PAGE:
Not All Visuals Are Created Equal

While attempting to express our thoughts and ideas in a visual way, it’s important to consider that not all visuals are created equal. What I mean by this is that there are certain visuals (techniques) that will best represent specific types of information, and then there are other visuals that are most appropriate for visualizing other types of information. Getting these visuals mixed-up or using them inappropriately can often complicate your message to such an extent that your visuals end up hindering the communication process.

When a Chart is Not Enough

Several years ago I came across a very interesting article written by Dave Gray, who is the founder of Dachis Group (formerly known as XPlane). Dave wrote a short article titled: When a Chart is Not Enough.

Within this article Dave mentions that visuals are great to use if you want to communicate large volumes of information in a simple and effective way. Charts and graphs are especially useful for presenting statistics and making comparisons. They help make the information more engaging and appealing to the senses. However, Dave mentions that when describing something new and different, that charts and graphs are often not enough to get your message across.

During the days of global exploration, early explorers would often come across very unique things within their environment. These are things that they hadn’t seen before, and as such they had to be extra-careful to make sure that they captured the essence of what they were seeing in a visual way that could be easily understood by others. For this purpose they often used sketches that helped depict animals like the elephants you see below.

Looking at these drawings you can see that the elephants are quite odd looking. They look more like donkeys or horses with trunks than elephants. This just goes to show that even talented visual artists do have trouble visualizing things that they hadn’t come across before. However the images certainly give readers a visual idea of what an elephant looks like. But what if instead of drawing a picture of an elephant, the artist drew a graph like the one you see below.

This graph somehow doesn’t seem to have the same appeal as the elephant images presented above (excluding VizWiz of course). It does however represent the information in a very different way that could be useful within a specific context.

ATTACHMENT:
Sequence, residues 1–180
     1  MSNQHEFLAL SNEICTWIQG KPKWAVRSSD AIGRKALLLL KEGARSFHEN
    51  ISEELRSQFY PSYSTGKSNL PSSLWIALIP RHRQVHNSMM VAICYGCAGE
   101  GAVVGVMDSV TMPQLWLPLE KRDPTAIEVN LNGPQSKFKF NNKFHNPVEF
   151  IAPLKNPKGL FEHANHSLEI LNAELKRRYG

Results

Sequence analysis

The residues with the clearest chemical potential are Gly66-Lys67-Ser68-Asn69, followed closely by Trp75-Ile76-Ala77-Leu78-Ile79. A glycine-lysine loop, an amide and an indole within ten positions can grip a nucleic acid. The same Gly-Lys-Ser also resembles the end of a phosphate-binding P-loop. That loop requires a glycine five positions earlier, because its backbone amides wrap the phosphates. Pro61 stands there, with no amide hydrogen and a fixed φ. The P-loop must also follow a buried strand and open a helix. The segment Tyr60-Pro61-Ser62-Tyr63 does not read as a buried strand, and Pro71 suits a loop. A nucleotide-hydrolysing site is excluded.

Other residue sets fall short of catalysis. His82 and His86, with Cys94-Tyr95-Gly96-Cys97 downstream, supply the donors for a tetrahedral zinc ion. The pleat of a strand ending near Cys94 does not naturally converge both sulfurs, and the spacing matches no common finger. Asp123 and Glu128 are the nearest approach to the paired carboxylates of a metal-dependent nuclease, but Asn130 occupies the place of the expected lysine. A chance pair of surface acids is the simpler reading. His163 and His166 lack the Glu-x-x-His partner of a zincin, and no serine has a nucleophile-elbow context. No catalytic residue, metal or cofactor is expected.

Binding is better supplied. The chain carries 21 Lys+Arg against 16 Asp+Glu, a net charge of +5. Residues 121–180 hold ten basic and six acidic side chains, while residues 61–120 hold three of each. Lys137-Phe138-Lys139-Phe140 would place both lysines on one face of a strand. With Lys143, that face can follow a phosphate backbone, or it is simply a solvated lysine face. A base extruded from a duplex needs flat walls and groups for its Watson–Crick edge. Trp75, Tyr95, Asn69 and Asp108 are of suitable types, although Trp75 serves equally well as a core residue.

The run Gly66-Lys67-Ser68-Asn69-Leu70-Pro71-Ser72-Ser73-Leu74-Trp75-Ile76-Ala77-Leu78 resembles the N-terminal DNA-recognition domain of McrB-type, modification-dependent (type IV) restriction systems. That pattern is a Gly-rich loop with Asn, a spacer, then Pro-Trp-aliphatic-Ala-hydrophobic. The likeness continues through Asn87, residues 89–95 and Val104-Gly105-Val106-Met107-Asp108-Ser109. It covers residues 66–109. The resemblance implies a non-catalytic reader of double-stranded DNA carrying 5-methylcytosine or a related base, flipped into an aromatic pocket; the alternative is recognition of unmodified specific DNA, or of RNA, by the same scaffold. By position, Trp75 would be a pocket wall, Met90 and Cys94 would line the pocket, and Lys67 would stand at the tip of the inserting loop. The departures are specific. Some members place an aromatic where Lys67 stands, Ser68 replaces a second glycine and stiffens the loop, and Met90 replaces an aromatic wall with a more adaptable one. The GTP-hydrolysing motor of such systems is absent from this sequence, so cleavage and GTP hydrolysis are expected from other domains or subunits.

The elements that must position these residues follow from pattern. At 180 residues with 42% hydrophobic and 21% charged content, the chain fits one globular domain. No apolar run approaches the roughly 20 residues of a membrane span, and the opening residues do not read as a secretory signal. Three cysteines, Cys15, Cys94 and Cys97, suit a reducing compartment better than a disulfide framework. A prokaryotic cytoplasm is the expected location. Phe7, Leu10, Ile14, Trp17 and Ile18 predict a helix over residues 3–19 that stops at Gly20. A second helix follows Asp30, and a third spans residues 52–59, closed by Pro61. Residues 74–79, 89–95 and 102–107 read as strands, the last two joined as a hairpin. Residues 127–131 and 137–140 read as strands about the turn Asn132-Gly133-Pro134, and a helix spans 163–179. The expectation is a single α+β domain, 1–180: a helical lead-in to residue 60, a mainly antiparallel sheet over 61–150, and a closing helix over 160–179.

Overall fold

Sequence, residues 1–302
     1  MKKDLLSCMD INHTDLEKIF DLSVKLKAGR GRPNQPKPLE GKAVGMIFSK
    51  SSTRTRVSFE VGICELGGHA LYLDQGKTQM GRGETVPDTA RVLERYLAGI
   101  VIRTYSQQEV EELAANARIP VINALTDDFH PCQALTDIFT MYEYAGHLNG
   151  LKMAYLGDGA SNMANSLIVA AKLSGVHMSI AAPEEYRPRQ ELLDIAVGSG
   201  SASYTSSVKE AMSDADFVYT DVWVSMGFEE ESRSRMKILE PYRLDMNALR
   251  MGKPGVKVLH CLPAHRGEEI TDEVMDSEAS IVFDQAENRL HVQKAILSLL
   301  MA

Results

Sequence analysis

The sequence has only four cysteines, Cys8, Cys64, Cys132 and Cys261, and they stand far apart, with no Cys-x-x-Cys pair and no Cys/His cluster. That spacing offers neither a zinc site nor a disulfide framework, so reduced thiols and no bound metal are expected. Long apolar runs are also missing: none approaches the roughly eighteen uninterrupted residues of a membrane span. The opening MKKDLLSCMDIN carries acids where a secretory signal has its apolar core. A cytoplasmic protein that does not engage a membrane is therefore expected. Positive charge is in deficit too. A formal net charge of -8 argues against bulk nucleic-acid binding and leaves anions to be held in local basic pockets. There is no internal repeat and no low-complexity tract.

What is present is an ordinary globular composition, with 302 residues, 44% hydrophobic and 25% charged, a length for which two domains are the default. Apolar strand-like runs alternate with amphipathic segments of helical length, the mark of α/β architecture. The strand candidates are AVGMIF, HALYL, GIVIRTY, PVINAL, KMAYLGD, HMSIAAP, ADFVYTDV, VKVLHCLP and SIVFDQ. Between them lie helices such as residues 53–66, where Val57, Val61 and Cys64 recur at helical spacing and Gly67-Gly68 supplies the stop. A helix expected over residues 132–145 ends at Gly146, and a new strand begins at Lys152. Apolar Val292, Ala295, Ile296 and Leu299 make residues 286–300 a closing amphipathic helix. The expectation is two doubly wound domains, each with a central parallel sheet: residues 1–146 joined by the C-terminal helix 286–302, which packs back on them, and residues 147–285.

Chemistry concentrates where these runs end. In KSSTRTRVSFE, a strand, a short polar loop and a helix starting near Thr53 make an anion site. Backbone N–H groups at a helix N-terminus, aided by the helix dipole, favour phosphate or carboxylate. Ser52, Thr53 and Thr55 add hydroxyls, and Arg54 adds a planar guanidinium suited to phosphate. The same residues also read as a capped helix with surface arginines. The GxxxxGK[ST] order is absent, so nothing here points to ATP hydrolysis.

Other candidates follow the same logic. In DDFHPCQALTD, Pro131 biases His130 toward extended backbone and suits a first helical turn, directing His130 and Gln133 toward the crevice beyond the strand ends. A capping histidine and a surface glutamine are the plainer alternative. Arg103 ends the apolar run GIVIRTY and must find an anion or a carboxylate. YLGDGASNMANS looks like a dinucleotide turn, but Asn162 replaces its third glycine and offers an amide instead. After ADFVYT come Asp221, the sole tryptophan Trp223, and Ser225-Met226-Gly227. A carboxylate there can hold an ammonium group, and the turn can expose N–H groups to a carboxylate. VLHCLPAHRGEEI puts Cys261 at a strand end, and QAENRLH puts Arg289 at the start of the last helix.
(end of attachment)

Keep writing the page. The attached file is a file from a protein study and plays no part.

I guess the lesson here is that not all visual communication methods are created equal. We must therefore be very aware of the types of visuals we use to express our ideas and use them with a specific purpose in mind.

Selecting the Right Types of Visuals

To help you select the right types of visuals to communicate your ideas successfully, ask yourself the following questions:

  • What type of information am I trying to represent?
  • What is my goal? What am I trying to do with this information?
  • How many different ways could I represent this information?
  • How does each way of representing this information help or hinder in the communication of my message?
  • Which visual communication techniques must I use to help me get my intended message across?
  • How could I potentially combine different types of visual communication techniques to enhance my message?
  • What have I learned from this experience?
  • How can I use this knowledge to improve my visual communication in the future?

When In Doubt, Draw a Picture

It’s very easy to get a little lost among all the visual thinking techniques that are at your disposal. For this very reason, when in doubt, just start drawing a picture. This is important, because a picture will give you a starting-point that will allow your ideas to flow.

Simply begin in the middle of the page and draw the first thing that pops to mind. This could be a face expressing an emotion, something within your environment, or even a bunch of squiggly lines that represent your thoughts and feelings. From there, draw the next thing, which could be another picture, or maybe a graph, chart, metaphor, diagram, or something completely out of the ordinary that adds another element to your visual message.

As long as you keep drawing while making relevant associations and connections between different pieces of information, and you keep in mind the questions mentioned above, then you will continue to make progress in the right direction. However, always remember the 6-12 KISS Principle of visual thinking — ensuring that your message is clear, straightforward and understood.

Creating a Collage of Your Thoughts

In its simplest form, visual thinking is all about creating a collage of your thoughts. It’s about using a variety of visual thinking techniques in combination to help express your problems and ideas in a visual way. It’s also about unleashing your brain from the confines of the linear thinking process, and channeling your thoughts in creative and unconstricted manner.

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